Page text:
(ii) Andrew Mold, Rodgers Mukwaya: Modelling the economic impact of the Tripartite Free Trade Area: its implications for the economic geography of Southern, Eastern and Northern Africa (Journal of African Trade). The study uses the Global Trade Analysis Project computable general equilibrium model and the latest GTAP 9 database to simulate the effects of the establishment of the TFTA. The results indicate a significant 29% increase in intra-regional trade as a result of tariff elimination between member states. Particularly encouraging is the fact that the sectors benefiting most are manufacturing ones, such as light and heavy manufacturing, and processed foods. The results reveal an aggregate welfare gain of $2.4bn for the TFTA region. Concerns have been raised that industrial production of the TFTA could concentrate in the countries with highest productivity levels namely, Egypt and South Africa. However, our simulation results suggest that these fears are exaggerated, with little evidence of the concentration of industries in the larger countries.

Axel Addy, Ratnakar Adhikari: Four ways Africa can achieve a manufacturing renaissance (WEF)

It is not a new argument that these four pillars of institutions, infrastructure, human capital and technology, will drive manufacturing-led growth in Africa. On the contrary, these elements have been included by the World Economic Forum in its competitiveness analyses and are well embedded in the Agenda 2063 – which was carefully drafted, adopted and owned by the Heads of States of the African Union as a blueprint for accelerated development and technological progress of Africa. The only missing piece of the puzzle to realise these aspirations is the political will to deliver. [Addy is Minister for Commerce and Industry, Liberia; Adhikari is ED of the Enhanced Integrated Framework Executive Secretariat, WTO]

Central Africa: ECA webinar on the need for efficient industries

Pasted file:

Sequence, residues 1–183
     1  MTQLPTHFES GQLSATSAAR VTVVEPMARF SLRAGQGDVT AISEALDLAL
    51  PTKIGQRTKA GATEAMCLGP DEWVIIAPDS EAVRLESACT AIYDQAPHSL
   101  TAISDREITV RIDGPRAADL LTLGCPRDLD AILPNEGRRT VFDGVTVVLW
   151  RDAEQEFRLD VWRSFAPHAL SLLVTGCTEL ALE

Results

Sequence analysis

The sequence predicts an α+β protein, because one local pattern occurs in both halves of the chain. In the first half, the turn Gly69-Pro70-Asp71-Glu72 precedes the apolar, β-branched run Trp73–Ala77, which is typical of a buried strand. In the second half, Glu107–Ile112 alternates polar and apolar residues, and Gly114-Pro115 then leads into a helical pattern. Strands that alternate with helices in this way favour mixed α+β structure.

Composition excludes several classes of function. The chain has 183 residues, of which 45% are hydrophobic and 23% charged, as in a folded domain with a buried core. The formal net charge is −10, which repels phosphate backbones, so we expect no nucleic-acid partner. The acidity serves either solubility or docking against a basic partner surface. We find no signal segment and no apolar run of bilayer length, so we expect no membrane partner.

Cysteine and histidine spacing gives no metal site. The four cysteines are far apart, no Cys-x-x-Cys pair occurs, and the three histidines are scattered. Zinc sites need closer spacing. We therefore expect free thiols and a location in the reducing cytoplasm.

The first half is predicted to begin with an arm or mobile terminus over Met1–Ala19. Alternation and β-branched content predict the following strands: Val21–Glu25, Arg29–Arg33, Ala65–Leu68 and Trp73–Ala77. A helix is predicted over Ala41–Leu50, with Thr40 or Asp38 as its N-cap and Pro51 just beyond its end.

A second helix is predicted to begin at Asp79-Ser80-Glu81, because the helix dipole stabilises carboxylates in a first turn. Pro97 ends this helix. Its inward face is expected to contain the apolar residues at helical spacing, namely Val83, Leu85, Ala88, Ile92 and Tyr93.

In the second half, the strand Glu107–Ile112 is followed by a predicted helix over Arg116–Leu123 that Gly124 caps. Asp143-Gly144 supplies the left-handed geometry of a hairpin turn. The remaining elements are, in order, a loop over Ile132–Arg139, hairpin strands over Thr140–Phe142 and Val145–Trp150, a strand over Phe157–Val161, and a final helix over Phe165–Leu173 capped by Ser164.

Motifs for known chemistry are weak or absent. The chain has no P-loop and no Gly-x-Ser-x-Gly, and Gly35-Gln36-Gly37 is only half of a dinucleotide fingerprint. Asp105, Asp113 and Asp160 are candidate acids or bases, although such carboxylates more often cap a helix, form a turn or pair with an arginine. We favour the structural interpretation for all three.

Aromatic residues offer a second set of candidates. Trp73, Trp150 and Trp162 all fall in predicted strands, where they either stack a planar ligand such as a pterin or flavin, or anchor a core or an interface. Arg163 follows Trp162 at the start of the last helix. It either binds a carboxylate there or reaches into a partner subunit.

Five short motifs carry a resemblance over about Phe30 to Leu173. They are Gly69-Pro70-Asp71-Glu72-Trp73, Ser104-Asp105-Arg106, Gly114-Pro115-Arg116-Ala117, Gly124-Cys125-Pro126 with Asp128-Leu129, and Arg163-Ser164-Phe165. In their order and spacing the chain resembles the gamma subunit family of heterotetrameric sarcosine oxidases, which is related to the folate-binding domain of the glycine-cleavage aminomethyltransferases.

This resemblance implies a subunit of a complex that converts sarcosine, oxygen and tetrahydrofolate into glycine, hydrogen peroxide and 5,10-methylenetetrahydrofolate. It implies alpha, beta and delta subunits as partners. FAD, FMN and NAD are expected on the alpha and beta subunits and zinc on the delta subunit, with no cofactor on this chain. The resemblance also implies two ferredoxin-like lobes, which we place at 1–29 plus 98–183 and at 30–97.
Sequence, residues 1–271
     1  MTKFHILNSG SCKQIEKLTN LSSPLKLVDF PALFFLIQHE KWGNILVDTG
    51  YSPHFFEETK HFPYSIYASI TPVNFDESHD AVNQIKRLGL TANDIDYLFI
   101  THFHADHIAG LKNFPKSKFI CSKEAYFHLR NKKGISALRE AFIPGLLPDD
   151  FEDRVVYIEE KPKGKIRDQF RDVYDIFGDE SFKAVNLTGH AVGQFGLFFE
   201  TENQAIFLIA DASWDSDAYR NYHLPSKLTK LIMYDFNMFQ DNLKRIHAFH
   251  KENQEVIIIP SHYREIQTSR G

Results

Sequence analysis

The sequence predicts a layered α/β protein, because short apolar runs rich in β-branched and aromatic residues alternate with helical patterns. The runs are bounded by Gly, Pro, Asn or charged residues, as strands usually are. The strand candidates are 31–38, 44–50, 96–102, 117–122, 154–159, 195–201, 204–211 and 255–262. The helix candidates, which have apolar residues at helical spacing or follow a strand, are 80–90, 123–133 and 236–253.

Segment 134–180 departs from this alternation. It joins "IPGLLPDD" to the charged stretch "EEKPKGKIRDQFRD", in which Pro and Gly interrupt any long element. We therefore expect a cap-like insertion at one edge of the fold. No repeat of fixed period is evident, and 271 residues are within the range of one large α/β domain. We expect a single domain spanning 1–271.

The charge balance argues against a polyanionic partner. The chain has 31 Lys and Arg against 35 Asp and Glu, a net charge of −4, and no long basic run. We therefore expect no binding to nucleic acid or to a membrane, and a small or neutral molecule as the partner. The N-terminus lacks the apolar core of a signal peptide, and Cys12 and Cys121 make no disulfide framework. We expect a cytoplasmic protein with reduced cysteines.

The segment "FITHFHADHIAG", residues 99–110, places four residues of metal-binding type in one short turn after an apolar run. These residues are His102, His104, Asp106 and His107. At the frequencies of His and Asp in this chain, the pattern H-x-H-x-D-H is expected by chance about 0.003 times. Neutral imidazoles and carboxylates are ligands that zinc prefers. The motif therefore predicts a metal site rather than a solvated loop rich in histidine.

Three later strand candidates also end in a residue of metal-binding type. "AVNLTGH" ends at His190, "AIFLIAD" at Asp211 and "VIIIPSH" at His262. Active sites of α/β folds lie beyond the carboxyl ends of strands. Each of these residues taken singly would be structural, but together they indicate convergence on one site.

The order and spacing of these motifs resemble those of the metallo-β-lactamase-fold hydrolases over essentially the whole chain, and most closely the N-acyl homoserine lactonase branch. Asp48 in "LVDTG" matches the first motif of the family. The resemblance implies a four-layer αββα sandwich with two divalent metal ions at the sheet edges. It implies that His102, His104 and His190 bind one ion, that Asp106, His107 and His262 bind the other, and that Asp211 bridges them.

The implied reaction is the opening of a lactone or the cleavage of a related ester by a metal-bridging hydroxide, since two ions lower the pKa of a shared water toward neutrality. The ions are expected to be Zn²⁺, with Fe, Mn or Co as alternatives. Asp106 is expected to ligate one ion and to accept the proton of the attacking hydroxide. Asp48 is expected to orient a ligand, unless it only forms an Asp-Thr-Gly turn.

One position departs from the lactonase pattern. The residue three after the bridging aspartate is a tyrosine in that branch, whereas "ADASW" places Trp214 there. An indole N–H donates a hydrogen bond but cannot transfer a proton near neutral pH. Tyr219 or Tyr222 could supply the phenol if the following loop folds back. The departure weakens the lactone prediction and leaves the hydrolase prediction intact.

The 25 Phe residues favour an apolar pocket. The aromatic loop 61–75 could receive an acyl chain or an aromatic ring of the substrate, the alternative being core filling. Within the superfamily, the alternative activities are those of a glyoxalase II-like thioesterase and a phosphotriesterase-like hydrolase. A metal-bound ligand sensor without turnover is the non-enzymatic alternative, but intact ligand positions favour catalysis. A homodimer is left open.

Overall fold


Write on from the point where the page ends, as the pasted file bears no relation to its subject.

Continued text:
The webinar, which drew panelists from government, academia and the private sector, is part of activities leading up to the 33rd meeting of the Intergovernmental Committee of Experts (ICE2017) scheduled for 26-29 September in Douala. The theme for ICE 2017: Made in Central Africa: from the vicious to the virtuous circle. This event came two days after another ECA webinar: Industrial policies in Central Africa: current state, future prospects.

Zimbabwe: 2017 Article IV Consultation documentation (IMF)

Box 4. Experience with the dollarized regime (pdf): Dollarization brought benefits to the economy at a critical moment. (i) It halted hyperinflation. Inflation declined from 79.6 billion percent at end-2008 to 3.2% by end-2010. (ii) It helped restore business confidence. Real GDP had declined by 15% in 2008 and grew by 15.4% in 2010. (iii) It supported re-monetization of the economy and eliminated the exchange rate risk involved in investment decisions. However, the basic conditions for the system to function smoothly were not in place. [Statement]

Seychelles: Systematic Country Diagnostic (World Bank)

Overall business environment: (i) Seychelles fares worse in global competitiveness rankings than would be expected based on its income level. (ii) Some slippage in recent years: from 76th rank in WEF Global Competitiveness Index when first included in 2012/13, to 97th/140 in 2015/16. (iii) Aside from small market size, Seychelles’ competitiveness is hampered by shortfalls in its “efficiency enhancers”, especially finance and skills. [Note: The report (pdf) includes 6 Topical Notes - tourism, blue economy, SOEs, social protection, welfare, labour market]